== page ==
“Doing this, to me, feels like activism,” he says. “A 60-something year old guy filming these videos, putting them up shamelessly, and saying: ‘This is what I do at home.’” 

He wants the next generation to explore their bodies and to feel free

Sharing videos and pictures on OnlyFans makes David feels free – but he’s increasingly concerned that there’s an entire generation of young queer people are stifling themselves sexually and hiding their innermost desires.

“If you feel like you want to do it, you should do it too,” he says. “You don’t have to show anybody, you don’t have to film it – open your mind to expanding your sex life to not feeling shame about it.

“If there’s something like, ‘I could never use a dildo – I’d be afraid to go in and even buy one’ – go f**king buy a dildo and use it. Take photos of yourself if you’ve always wanted to. You don’t have to keep them – get rid of them afterwards, but the act of doing it can be so freeing. We’re so f**king closed off about sex in America.” 

In Damn Shame, David writes that sex is “inherently amusing and sometimes hilarious”. He thinks that, as a society, we take sex too seriously because we’re all so nervous about it. 

“If you’re nervous, you can’t automatically become un-nervous,” he points out. “Start with being nervous. If you’re having sex with somebody and you’re like, ‘I don’t want to show him I’m nervous’ – show him you’re nervous! And then it kind of moves naturally into what it’s going to be.

“Sometimes, you’re having sex and the bed breaks – ‘Oh no, how embarrassing!’ – no! Laugh about it! It’s hilarious. It happened to me, I have a little thing holding up my bed because I was f**king this guy and the bed broke. To me it’s a funny story I don’t mind saying out loud. Let sex be what it’s going to be.”

The cover of Damn Shame by David Pevsner.

The cover of Damn Shame by David Pevsner. (Provided)

David is deeply aware that it’s not always that easy for queer people to cast off nervousness and shame when having sex. For many, insecurities about their body image prevent them from properly enjoying the experience. David isn’t afraid to call his younger self out for judging other men because of their bodies. At that time, he was spending hours at the gym every week, working tirelessly to get the “ideal” body so many gay men have been conditioned to desire.

Escorting really changed how I looked at men’s bodies.

In Damn Shame, David recounts going home for the night with a man called Gus. In the name of honesty, he decided to tell Gus that he was disappointed when he saw his body for the first time. Writing in his memoir, David firmly rebukes himself for that moment. When I mention it in our interview, I can see him visibly recoil at the mere mention of it. Decades have passed, but he is still mortified by the way he behaved.

“The word that comes to mind is ‘cringe’ when I think about how exclusive I was,” David says. “I see it now – I see it with guys when they kind of judge you and go, ‘ugh, the tits aren’t big enough,’ or ‘is that a paunch I see?’ We’re so body oriented when you’re exploring your sexuality – not everybody, but I was, I admit it.”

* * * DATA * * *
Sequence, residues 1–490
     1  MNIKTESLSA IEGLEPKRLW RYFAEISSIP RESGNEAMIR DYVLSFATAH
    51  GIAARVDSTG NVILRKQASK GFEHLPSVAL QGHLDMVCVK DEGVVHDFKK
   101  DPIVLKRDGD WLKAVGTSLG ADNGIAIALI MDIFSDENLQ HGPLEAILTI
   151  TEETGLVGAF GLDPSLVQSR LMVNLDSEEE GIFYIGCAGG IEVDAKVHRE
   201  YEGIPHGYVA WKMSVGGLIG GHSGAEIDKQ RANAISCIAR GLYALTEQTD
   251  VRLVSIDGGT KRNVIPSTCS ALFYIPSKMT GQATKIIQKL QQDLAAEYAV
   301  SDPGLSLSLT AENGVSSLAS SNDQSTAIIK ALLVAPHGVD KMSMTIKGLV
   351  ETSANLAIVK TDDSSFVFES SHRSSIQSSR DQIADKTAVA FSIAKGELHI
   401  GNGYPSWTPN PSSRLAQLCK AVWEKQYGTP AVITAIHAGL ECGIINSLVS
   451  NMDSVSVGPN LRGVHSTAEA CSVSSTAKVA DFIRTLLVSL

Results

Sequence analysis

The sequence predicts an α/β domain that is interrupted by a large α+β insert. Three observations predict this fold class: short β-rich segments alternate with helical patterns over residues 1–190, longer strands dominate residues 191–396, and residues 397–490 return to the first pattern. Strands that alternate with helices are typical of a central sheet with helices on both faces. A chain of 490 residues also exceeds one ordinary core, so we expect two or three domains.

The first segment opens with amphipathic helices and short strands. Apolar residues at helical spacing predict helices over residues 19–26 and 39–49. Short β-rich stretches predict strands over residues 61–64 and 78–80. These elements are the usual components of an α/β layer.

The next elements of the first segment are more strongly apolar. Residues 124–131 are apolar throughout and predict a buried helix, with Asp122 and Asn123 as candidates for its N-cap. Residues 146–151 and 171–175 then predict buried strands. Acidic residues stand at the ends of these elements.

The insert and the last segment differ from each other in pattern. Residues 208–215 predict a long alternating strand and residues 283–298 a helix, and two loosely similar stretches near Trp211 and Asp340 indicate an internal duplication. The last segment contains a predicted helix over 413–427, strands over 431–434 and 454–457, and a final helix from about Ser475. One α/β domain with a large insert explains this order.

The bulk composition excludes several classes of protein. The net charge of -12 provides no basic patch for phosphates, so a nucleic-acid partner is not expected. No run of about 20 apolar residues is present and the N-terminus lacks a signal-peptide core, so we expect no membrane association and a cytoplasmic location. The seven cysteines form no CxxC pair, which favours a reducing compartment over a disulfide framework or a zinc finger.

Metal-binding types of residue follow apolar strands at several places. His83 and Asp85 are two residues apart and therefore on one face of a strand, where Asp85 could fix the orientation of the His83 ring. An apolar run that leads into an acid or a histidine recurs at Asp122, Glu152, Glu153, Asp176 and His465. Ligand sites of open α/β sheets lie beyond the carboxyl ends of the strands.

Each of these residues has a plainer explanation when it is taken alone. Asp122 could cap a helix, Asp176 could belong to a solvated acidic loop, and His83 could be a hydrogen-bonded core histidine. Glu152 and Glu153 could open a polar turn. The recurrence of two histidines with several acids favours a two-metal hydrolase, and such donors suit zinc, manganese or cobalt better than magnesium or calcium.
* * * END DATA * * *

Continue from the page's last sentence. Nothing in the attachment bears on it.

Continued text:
It wasn’t until David started escorting that he was forced to challenge all of those preconceptions he had about what makes a man sexy.

“Escorting really changed how I looked at men’s bodies,” David says. “In that moment [with Gus], I was trying to deal with my struggle about how I felt about his body, which I think about now and I just go, that’s ridiculous. But it’s what happened as part of my journey. And then came escorting, where I was having sex with a lot of guys whose bodies were not ‘the ideal’, but I still had to perform sexually. How do you do that? You start to look at a guy differently. It made me look at personality and brains and humour. I had to because I was being paid, but what it was doing was it changed my aesthetic when it came to men. I was much more open about the physicality of men, and from that point on it really changed me.”

As the years have gone by, David Pevsner has embraced being a daddy

Anyone who has spent any time on the gay scene today will know that the focus on body image is still intense and often suffocating. David has felt that sting himself as a gay man in his sixties. Still, he has hope for the future. For example, he’s been heartened to see the rise of the “daddy” in gay culture – and he has embraced the label. Descriptors like “daddy” and “bear” help queer men feel seen and feel sexy, and they prove that there’s room for every body type on the scene.

“Back when I was finishing escorting and I was in my forties, I didn’t know that I was a ‘daddy’ – at the time I don’t remember anyone calling me daddy. But now we have the daddies, and a lot of younger guys like daddies. And a lot of daddies like daddies,” he says, laughing: “I’m like granddaddy!”

David hopes Damn Shame resonates with queer people right across the spectrum, from younger LGBT+ people right up to those in later middle age.

“I want this to resonate. I think it’s relatable to anyone – as long as they have an open mind,” he says. “But if you read a fisting joke and it makes you put the book down, that’s a problem.”

Damn Shame is published by Penguin Random House Canada on 11 January.